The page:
In 1975, a consent judgement was signed, and it committed New York state to improve community placement for the, now designated, "Willowbrook Class." The publicity generated by the case was a major contributing factor to the passage of a federal law — the Civil Rights of Institutionalized Persons Act of 1980.
In 1983, the state of New York announced plans to close Willowbrook, which had been renamed the Staten Island Developmental Center in 1974. By the end of March 1986, the number of residents housed there had dwindled to 250, and the last children left the grounds on September 17, 1987. After the developmental center closed, the site became the focus of intense local debate about what should be done with the property. In 1989, a portion of the land was acquired by the city of New York, with the intent of using it to establish a new campus for the College of Staten Island, and the new campus opened at Willowbrook in 1993. This campus is the largest maintained by the City University of New York. Within the year, one of CSI's two other existing campuses, located in the Sunnyside neighborhood, was closed, renovated, and reopened in 1995 as the home of the new K-12 Michael J. Petrides School. The rest of Willowbrook's original property is still under the administration of the Office for People with Developmental Disabilities (OPWDD)–an agency of New York State –and houses the New York State Institute for Basic Research in Developmental Disabilities, and the Staten Island Developmental Disabilities Service Office.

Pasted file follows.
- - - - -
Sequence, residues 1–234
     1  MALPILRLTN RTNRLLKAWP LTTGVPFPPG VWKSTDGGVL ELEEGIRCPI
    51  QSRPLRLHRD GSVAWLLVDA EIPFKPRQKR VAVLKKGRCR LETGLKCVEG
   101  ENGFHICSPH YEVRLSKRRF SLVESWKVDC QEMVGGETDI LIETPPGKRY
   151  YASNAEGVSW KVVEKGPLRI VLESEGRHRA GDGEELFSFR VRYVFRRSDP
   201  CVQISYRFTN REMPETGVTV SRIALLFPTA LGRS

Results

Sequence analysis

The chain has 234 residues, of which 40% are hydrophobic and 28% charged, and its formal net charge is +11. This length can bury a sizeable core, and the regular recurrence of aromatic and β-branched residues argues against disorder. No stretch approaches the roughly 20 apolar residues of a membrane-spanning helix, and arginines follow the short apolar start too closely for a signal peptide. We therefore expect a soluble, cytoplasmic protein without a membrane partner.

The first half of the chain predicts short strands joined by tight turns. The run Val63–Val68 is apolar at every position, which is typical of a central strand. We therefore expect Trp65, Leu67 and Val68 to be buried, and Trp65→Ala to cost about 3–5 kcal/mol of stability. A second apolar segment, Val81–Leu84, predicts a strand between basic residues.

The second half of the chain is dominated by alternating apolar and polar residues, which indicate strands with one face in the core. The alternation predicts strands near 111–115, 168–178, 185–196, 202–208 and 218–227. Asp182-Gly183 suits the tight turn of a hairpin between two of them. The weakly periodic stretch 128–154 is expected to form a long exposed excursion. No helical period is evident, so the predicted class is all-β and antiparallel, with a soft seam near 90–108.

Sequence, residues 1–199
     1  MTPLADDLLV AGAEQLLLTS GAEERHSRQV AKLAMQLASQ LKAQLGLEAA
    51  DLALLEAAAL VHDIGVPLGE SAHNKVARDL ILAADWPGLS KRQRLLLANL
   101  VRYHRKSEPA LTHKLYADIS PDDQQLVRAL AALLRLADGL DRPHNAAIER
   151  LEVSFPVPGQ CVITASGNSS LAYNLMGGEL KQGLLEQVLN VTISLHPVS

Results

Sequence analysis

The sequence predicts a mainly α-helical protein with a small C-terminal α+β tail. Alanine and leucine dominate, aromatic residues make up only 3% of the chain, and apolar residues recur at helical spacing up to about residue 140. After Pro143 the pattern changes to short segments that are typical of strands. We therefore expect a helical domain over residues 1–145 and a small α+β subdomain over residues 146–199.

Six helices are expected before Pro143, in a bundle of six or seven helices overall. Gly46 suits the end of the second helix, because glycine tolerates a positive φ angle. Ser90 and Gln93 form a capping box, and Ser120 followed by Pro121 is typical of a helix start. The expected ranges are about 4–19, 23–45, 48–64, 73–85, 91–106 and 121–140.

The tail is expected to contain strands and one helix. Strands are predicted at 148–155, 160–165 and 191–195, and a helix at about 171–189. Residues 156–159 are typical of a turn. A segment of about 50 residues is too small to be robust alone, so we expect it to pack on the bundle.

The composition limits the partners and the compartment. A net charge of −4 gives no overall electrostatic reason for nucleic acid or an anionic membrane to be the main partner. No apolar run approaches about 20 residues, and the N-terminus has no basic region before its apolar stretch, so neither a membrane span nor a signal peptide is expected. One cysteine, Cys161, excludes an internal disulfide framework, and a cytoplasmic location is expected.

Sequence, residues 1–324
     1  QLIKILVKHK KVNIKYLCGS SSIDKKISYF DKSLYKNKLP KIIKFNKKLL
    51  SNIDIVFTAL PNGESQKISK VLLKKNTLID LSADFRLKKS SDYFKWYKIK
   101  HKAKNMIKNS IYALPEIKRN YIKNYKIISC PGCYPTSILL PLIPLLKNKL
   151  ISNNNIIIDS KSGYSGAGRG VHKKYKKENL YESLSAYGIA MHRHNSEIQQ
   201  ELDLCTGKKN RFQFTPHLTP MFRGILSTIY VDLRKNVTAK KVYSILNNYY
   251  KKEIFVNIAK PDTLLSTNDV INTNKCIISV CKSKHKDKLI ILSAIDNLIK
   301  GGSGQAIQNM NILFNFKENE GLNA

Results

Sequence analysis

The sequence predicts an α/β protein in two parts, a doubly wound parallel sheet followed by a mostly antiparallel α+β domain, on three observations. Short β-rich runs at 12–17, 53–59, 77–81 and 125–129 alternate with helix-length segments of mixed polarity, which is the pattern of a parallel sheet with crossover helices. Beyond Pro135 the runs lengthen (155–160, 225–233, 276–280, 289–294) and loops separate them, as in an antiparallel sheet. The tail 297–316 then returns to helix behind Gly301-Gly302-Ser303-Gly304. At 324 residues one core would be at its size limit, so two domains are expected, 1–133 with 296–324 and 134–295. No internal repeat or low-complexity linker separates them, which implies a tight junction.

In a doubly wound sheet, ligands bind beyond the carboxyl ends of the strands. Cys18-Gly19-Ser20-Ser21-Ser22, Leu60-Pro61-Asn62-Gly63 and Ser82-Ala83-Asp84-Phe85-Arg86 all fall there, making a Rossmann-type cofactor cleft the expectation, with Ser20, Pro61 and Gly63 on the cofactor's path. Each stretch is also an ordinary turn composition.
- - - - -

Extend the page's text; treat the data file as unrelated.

On February 25, 1987, the Federal Court approved the Willowbrook "1987 Stipulation," which set forth guidelines that required OMRDD (Office of Mental Retardation and Developmental Disabilities; renamed the Office for People with Developmental Disabilities, OPWDD, in July 2010) community placement for the "Willowbrook Class." The Willowbrook School was closed that year. All but about 150 of the former Willowbrook residents were moved to group homes by 1992. Significant members of the "Willowbrook Class" were not as intellectually limited as the term "developmental delay" would indicate. Some had cerebral palsy, a developmental disability that can be accompanied by varying degrees of intellectual impairment, and some members of this class were cognitively quite intact, yet unable to communicate verbally due to their physical condition. These ex-residents of Willowbrook, many now in their 50s and 60s, live in a variety of community residences and attend day programs throughout New York State, under the care of organizations such as United Cerebral Palsy or the Jewish Guild for the Blind.
In the 1991 book, The Soul of a Cop, retired NYPD Detective Paul Ragonese describes responding to "building two" of the abandoned Willowbrook campus as a member of the NYPD Bomb Squad. Ragonese describes an abandoned building full of hazardous chemicals, including explosive picric acid crystals, along with rooms full of jars containing specimens of human organs. Ragonese goes on to write that the incident was largely covered up by local officials.